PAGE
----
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This section highlights the pathophysiologic complexity of sickle cell disease (SCD), the prototype of single-gene molecular disorders. James Herrick published the first clinical report of SCD in 1910. However, many decades passed before Linus Pauling established SCD as the first human monogenic disorder, with an autosomal recessive inheritance pattern, in 1949. This seminal work laid the foundation for the explosion of knowledge in human molecular genetics. Over the past few decades, the pathophysiology of SCD has been explored and clarified in many aspects, but other aspects still present uncertainties and lack of detail. The molecular mechanisms of the process leading to polymerization of hemoglobin S (HbS) and sickling have been elucidated in extreme detail, and this knowledge has been critical in rationalizing the beneficial effects of several of the novel therapies developed or under development for the disease. It has also become clear that a unique feature of SCD is the pathologic involvement of multiple organs most often as a consequence of vascular/inflammatory or ischemia-reperfusion complications of the disease. The interactions of sickle cells with the endothelium and the inflammatory response associated with the disease have been examined in a variety of experimental systems, with SCD emerging as a unique model of ischemia-reperfusion (I/R) disorders. These studies have been facilitated by the development of transgenic mouse models for SCD, which recapitulate disease pathophysiology and provide a model to test therapeutic interventions.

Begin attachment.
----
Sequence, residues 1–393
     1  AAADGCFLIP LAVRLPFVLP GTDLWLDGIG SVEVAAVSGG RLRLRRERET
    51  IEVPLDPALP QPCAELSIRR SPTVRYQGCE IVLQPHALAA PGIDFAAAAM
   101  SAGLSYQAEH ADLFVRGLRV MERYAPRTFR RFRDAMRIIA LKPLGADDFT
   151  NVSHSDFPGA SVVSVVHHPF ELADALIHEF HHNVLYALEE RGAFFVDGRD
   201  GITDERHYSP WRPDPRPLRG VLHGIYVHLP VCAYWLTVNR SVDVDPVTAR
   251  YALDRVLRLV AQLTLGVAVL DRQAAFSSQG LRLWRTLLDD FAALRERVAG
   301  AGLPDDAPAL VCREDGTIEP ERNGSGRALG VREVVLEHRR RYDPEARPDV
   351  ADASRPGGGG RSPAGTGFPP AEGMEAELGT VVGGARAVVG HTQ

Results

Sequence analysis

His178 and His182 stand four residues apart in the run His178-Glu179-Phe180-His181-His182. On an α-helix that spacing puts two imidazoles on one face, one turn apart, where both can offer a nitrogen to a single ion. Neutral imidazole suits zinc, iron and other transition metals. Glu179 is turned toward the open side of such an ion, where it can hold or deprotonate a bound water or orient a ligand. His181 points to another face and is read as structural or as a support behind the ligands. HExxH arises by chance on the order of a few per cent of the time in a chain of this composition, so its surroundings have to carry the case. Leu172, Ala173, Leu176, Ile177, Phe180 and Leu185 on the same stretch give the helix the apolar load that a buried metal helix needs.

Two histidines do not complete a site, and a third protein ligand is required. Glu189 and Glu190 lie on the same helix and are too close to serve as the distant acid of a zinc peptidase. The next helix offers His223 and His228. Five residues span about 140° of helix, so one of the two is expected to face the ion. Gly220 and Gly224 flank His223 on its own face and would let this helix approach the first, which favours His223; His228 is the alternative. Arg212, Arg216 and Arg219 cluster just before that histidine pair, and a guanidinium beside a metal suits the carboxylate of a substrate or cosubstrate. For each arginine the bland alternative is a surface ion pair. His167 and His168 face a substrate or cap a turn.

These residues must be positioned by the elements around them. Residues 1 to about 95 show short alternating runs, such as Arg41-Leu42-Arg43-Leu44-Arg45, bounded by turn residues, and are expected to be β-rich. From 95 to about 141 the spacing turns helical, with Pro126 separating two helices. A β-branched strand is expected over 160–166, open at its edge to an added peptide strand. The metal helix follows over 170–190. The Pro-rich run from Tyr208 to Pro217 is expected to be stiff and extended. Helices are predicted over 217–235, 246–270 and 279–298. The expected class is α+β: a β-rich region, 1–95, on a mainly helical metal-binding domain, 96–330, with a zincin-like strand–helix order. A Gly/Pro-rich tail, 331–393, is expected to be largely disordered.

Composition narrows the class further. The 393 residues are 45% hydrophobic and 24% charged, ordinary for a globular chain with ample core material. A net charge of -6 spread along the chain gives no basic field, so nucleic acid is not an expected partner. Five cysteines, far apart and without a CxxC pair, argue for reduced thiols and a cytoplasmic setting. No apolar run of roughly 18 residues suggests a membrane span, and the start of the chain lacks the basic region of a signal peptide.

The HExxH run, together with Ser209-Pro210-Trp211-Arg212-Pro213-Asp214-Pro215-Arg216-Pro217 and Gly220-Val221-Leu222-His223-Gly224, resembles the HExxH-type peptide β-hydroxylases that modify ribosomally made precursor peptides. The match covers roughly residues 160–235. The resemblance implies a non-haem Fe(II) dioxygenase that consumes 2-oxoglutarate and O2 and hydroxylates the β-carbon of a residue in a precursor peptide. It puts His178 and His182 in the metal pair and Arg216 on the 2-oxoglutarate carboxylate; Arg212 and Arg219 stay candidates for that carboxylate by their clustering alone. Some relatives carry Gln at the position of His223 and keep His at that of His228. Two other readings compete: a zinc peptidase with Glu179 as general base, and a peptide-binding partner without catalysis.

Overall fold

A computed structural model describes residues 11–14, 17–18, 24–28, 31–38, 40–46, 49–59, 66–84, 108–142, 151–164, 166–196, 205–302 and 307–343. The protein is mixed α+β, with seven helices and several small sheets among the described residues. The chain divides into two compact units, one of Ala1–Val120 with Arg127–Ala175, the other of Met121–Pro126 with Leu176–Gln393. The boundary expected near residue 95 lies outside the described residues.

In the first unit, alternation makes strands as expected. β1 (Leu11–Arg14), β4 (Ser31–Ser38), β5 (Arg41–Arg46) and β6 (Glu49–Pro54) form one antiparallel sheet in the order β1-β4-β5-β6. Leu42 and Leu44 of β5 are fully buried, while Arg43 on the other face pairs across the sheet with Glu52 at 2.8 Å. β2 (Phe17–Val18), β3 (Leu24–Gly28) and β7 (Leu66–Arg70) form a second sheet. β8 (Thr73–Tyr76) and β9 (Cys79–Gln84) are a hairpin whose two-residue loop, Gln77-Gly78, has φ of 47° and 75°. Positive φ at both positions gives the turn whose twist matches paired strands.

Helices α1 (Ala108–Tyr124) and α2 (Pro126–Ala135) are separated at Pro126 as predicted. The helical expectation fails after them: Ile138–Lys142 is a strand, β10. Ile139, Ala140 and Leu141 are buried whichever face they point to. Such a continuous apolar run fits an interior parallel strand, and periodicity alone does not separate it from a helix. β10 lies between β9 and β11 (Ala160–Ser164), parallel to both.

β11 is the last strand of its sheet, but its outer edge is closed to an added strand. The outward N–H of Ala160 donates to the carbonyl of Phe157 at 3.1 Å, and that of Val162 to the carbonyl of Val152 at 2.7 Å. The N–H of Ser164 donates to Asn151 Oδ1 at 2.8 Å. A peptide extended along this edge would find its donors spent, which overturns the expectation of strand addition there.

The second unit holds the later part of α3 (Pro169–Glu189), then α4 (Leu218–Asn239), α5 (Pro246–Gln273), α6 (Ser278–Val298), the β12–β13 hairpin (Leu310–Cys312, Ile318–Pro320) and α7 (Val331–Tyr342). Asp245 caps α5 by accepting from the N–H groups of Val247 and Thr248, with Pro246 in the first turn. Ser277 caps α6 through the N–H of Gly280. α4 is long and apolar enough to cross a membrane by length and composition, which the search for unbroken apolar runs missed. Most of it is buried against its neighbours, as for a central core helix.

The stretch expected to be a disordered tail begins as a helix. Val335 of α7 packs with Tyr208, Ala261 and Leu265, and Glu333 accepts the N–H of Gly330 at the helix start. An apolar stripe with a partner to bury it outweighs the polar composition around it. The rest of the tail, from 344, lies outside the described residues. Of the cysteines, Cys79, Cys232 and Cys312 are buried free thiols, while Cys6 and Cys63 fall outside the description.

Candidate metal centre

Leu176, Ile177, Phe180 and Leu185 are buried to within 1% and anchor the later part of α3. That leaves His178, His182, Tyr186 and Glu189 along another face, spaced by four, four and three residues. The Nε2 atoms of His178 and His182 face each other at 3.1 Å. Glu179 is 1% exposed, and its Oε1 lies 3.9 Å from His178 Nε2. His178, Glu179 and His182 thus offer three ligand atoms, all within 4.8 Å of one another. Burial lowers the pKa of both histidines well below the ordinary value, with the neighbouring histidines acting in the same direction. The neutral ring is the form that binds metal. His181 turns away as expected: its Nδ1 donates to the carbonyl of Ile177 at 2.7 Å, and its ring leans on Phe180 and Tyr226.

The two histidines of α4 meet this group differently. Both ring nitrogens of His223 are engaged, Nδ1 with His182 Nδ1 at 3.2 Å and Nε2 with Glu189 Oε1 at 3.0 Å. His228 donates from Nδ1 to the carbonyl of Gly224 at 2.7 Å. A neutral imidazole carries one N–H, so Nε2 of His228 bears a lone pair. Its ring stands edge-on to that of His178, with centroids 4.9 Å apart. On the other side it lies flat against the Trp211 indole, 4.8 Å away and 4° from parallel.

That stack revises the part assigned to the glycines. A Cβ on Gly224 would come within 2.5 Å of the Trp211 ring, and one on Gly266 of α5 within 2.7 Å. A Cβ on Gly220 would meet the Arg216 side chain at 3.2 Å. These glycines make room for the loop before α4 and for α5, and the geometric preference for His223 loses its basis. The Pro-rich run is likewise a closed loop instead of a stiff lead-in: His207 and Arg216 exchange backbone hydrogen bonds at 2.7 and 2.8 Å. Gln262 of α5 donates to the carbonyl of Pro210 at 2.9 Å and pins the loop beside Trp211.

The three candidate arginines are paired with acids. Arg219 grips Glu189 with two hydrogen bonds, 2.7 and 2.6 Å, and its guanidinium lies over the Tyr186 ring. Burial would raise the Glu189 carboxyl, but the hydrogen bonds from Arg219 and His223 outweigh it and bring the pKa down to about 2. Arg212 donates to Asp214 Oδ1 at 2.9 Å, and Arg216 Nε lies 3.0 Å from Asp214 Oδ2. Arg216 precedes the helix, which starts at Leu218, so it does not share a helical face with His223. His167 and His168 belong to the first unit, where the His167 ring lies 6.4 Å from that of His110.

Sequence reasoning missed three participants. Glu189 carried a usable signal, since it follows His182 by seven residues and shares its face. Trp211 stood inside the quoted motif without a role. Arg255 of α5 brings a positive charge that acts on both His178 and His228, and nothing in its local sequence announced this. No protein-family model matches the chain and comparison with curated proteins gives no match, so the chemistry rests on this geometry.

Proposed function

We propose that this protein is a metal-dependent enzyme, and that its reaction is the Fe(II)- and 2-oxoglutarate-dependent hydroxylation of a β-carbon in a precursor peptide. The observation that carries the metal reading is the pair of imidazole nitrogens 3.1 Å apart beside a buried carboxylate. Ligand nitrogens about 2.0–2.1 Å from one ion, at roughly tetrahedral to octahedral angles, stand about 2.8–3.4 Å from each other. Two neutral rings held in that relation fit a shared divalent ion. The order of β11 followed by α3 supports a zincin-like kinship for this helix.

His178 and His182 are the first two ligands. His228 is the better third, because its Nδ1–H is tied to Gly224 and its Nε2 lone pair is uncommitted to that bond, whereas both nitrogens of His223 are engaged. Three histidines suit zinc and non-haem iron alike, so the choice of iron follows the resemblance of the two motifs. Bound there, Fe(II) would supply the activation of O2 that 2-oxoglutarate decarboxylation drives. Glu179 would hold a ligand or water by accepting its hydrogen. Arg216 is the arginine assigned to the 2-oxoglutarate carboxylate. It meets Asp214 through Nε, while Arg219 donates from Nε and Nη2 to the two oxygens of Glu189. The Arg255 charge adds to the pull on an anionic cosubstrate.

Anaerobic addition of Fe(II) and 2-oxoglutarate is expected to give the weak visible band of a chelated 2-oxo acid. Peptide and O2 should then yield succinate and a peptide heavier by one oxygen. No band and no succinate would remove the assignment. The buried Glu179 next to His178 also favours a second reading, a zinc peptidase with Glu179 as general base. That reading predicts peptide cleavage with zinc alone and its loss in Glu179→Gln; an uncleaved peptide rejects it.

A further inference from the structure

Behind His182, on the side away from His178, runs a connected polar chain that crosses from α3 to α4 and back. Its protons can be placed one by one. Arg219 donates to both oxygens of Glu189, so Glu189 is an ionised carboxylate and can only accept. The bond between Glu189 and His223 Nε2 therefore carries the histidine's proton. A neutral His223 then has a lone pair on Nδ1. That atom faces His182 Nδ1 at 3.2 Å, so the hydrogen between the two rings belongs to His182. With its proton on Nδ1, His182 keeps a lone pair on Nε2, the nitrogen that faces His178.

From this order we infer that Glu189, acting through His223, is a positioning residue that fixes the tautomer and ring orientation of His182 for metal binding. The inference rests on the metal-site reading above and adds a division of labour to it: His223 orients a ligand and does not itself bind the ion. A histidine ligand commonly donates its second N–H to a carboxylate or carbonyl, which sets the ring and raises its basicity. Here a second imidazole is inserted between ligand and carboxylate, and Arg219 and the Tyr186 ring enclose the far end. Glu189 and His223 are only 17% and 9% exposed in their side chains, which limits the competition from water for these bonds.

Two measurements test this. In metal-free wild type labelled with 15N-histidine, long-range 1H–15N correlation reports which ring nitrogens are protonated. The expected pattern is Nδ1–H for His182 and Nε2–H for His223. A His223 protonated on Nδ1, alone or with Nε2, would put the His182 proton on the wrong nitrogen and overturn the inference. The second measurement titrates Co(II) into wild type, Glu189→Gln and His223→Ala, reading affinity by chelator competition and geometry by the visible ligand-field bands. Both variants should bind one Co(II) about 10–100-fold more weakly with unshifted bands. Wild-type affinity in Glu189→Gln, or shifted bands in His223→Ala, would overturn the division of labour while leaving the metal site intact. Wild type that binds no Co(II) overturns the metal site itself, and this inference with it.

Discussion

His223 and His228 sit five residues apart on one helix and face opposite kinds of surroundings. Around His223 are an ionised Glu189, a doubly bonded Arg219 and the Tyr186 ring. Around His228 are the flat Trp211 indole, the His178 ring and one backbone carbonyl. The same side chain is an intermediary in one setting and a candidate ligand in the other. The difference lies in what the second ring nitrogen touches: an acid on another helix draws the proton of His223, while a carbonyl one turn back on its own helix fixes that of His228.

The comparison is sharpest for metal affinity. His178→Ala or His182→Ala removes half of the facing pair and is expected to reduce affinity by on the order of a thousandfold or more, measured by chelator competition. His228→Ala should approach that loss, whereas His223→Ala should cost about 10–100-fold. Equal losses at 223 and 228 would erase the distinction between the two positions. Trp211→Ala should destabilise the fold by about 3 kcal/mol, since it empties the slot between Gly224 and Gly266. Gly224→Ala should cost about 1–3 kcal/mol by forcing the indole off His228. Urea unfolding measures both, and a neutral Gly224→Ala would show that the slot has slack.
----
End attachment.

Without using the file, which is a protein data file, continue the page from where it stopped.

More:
SCD is caused by homozygous mutations at the sixth codon of the β-globin gene in the β-globin cluster (HBB) on chromosome 11 (Figure I-1A), resulting in the production of the single aa hemoglobin variant, β6-Glu→Val (βS-globin). In the HBB cluster, the 5 functional globin genes, including ε-Gγ-Aγ-δ-β, are arranged 5′ to 3′ along the chromosome in the order of their developmental expression. The prevalence of SCD is about 1 in 365 African Americans and about 1 in 16,300 Hispanic Americans; in addition, about 1 in 13 African Americans are sickle cell trait carriers. In the United States, approximately 2000 babies are born annually with a major hemoglobinopathy and 100,000 individuals are affected; however, the exact number of people living with SCD is unknown. Although the molecular nature of SCD is relatively simple, its distribution in affected populations is more complex. Recent whole-genome–based haplotype analysis of individuals with sickle trait in the African Genome Variation Project identified a potential single origin of the βS-globin allele, approximately 7300 years ago. From its point of origin, the βS-globin gene expanded due to a selective advantage of healthy carriers of SCD providing protection against malaria infections.


Basic mechanisms of sickle cell disease (SCD). Shown is a summary of the mechanisms driving the clinical complications of SCD discussed in this overview. Based on current evidence, the pathophysiology of SCD is considered to be a vicious cycle of 4 major downstream processes: (A) hemoglobin S polymerization, (...

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